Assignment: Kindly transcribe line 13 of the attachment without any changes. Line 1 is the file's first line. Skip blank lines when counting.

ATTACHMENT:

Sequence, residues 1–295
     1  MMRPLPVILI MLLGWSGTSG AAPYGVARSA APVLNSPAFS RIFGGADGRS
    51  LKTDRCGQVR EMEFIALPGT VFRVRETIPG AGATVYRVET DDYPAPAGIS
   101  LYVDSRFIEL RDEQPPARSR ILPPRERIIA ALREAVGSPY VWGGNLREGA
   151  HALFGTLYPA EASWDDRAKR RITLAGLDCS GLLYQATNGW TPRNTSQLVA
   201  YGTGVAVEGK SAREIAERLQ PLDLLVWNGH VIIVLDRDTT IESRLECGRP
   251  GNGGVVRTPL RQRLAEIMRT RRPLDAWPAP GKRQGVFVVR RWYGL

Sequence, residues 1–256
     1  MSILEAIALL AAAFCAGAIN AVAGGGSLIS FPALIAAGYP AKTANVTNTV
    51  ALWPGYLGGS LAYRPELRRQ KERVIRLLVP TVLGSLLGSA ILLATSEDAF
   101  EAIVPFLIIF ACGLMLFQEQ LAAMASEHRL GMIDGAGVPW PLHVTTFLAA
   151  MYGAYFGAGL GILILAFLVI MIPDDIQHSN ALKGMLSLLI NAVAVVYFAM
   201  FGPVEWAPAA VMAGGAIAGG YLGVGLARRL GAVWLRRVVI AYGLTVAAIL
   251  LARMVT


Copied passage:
   201  FGPVEWAPAA VMAGGAIAGG YLGVGLARRL GAVWLRRVVI AYGLTVAAIL